Let me say that I’m sure that some kind of testing has been conducted with similar aims and that someone is probably studying the possibility to change the climate somewhere. However, I’m also sure that the majority of the images that have been circulating on the Internet show a normal phenomenon, that has nothing to do with a conspiracy or with the attempts possibly done by some nation to modify the weather using airplanes.

The contrails appear for the quick condensation of the water vapour that is contained in the exhaust of the engines and in the surrounding air (due to a quick decrease in pressure and temperature) and crystallization of it around the solid aerosol particles ejected by the aircraft’s engines. As temperatures where the change of state happens are extremely low (from -40° Celsius), contrails should appear from altitudes around 8.500 meters (in ISA, International Stardard Atmosphere, that has a ground temperature of 15° C and a vertical temperature gradient of -6,5° C/1,000 meters).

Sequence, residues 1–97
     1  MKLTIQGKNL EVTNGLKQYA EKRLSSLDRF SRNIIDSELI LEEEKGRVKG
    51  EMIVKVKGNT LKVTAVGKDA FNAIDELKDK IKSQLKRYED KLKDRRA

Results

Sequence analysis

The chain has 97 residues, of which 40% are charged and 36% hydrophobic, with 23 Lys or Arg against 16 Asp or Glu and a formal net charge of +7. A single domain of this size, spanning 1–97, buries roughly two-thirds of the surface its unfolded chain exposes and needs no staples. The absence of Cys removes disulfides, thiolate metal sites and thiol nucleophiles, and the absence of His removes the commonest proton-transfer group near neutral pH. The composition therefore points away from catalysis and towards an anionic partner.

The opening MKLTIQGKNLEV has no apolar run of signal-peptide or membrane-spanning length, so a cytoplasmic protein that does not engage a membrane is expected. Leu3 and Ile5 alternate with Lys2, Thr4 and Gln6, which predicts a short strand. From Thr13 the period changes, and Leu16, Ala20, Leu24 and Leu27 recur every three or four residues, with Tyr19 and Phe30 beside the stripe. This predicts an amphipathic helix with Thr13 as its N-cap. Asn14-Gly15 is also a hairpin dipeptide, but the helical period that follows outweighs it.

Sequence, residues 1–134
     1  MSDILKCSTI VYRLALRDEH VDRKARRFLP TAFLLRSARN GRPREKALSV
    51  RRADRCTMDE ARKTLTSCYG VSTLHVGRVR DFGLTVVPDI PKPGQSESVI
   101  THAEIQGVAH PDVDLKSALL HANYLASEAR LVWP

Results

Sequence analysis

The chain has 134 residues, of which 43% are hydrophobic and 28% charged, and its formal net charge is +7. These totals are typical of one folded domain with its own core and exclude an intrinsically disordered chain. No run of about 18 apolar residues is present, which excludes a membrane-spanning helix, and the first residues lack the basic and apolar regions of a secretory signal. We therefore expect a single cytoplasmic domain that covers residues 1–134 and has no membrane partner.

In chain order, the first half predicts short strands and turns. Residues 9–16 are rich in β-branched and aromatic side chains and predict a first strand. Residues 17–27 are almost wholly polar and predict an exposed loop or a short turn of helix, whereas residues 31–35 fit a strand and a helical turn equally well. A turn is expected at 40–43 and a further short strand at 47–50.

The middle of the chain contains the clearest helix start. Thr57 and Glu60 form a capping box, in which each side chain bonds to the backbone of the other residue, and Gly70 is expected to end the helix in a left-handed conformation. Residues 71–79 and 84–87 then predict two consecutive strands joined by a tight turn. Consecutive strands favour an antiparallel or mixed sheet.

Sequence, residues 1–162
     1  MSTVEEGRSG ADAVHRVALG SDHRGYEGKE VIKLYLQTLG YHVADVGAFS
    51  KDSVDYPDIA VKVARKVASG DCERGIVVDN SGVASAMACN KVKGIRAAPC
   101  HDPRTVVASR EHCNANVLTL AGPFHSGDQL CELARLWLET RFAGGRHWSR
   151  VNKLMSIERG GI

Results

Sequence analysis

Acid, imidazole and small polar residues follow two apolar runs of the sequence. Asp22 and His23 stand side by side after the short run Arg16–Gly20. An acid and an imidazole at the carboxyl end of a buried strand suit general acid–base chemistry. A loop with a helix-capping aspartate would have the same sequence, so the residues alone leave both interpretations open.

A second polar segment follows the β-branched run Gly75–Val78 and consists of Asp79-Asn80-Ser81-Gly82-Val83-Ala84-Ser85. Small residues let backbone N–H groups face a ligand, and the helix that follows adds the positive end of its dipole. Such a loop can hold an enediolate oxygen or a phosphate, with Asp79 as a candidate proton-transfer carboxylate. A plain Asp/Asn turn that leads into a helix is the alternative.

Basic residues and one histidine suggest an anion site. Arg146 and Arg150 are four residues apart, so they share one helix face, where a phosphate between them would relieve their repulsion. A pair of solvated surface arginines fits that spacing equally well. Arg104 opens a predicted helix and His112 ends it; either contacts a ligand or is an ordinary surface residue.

Actually, since standard atmosphere is quite different from the real one, contrails can be seen also when aircraft are flying at lower altitudes (I remember watching an F-104 generating contrails above the mountains in central Italy in 1991 at altitudes around 3,000 meters). Furthermore, temperature aside, condensation depends also on the humidity of the air, that influences persistence and form of the trails. The higher the humidity, the higher the possibility that ice crystals create.